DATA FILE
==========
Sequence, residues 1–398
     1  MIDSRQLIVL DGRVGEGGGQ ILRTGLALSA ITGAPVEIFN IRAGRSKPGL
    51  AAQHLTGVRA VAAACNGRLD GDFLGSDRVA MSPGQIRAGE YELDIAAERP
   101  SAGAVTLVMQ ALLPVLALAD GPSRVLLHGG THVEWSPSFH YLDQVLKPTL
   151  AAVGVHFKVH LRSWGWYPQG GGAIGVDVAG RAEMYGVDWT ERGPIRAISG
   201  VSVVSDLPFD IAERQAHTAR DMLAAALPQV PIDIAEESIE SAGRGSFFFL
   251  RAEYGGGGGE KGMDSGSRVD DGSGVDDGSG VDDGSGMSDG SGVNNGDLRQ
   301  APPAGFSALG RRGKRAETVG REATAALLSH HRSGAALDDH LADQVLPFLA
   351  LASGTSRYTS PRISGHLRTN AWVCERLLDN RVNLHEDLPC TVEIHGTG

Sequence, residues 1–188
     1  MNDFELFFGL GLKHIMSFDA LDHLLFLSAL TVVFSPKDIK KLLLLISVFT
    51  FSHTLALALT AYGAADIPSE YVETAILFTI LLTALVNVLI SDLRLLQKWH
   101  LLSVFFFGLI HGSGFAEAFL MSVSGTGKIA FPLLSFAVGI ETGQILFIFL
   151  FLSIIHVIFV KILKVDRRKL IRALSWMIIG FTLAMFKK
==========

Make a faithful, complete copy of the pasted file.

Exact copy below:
Sequence, residues 1–398
     1  MIDSRQLIVL DGRVGEGGGQ ILRTGLALSA ITGAPVEIFN IRAGRSKPGL
    51  AAQHLTGVRA VAAACNGRLD GDFLGSDRVA MSPGQIRAGE YELDIAAERP
   101  SAGAVTLVMQ ALLPVLALAD GPSRVLLHGG THVEWSPSFH YLDQVLKPTL
   151  AAVGVHFKVH LRSWGWYPQG GGAIGVDVAG RAEMYGVDWT ERGPIRAISG
   201  VSVVSDLPFD IAERQAHTAR DMLAAALPQV PIDIAEESIE SAGRGSFFFL
   251  RAEYGGGGGE KGMDSGSRVD DGSGVDDGSG VDDGSGMSDG SGVNNGDLRQ
   301  APPAGFSALG RRGKRAETVG REATAALLSH HRSGAALDDH LADQVLPFLA
   351  LASGTSRYTS PRISGHLRTN AWVCERLLDN RVNLHEDLPC TVEIHGTG

Sequence, residues 1–188
     1  MNDFELFFGL GLKHIMSFDA LDHLLFLSAL TVVFSPKDIK KLLLLISVFT
    51  FSHTLALALT AYGAADIPSE YVETAILFTI LLTALVNVLI SDLRLLQKWH
   101  LLSVFFFGLI HGSGFAEAFL MSVSGTGKIA FPLLSFAVGI ETGQILFIFL
   151  FLSIIHVIFV KILKVDRRKL IRALSWMIIG FTLAMFKK